This paper examines the experimental requirements to observe two shock fronts driven by a single x-ray source in systems with a sharp absorption edge. We consider systems where the peak of the x-ray radiation drive coincides with the K-edge of the carbon, which occurs at a photon energy of 284 eV, causing photons to be deposited in two regions. The low-energy photons (E < 284 eV) penetrate further and drive the main shock, while the higher-energy photons (E > 284 eV) are absorbed in the ablated plasma. These higher-energy photons create an ionization front, which then produces a second shock, termed an edge-shock. Using a different radiation-hydrodynamics code and different opacity and equation of state tables, we replicate the previous work and build upon them to explore the conditions required to form the edge shock. We find that having the material K-edge coincide with the spectral domain of the radiation source is necessary but not sufficient on its own to drive the edge-shock.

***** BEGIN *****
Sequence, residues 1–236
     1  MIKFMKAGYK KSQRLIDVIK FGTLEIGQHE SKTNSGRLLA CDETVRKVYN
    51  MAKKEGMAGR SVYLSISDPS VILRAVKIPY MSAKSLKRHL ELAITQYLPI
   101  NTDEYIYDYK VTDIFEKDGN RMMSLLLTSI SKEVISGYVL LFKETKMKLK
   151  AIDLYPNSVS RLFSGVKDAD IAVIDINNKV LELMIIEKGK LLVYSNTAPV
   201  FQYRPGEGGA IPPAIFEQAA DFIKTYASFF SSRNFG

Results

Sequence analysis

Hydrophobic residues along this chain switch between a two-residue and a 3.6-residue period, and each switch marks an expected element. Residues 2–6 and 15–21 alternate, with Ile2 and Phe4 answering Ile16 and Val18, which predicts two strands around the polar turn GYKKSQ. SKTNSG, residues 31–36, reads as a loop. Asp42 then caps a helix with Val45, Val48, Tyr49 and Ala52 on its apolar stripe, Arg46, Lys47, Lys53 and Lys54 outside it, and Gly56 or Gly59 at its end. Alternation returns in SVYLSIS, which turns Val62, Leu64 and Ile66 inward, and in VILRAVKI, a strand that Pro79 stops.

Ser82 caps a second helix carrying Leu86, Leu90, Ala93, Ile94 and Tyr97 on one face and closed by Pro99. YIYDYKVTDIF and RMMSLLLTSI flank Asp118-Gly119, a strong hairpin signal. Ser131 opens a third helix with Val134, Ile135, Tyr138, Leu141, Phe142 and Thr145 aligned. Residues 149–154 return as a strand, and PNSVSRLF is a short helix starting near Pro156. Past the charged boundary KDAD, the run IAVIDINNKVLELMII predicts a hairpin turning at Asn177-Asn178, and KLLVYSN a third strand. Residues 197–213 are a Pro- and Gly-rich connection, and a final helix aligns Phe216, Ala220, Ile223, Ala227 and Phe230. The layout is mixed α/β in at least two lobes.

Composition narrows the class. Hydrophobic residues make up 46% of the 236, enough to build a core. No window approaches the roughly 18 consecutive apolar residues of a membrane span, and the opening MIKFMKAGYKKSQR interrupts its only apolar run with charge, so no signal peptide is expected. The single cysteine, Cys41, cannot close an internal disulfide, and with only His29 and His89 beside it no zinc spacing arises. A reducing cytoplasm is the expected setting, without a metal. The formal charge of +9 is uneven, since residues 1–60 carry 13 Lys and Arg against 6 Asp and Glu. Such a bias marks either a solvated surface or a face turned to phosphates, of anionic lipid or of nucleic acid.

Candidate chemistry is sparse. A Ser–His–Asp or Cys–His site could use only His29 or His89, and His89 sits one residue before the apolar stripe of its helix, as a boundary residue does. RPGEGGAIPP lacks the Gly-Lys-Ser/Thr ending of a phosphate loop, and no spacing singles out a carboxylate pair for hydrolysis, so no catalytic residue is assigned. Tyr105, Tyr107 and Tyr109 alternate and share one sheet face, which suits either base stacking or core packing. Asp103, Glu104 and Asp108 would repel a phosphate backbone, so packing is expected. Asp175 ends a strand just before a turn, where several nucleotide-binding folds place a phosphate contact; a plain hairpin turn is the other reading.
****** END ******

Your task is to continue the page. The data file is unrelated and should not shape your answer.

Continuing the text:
Experimental considerations to observe two ionizing fronts in systems with a sharp absorption edge
Paul A. Keiter, Robert VanDervort, Griffin Cearley, Eric Johnsen, R. Paul Drake; Experimental considerations to observe two ionizing fronts in systems with a sharp absorption edge. Rev. Sci. Instrum. 1 October 2018; 89 (10): 10G104. https://doi.org/10.1063/1.5038882
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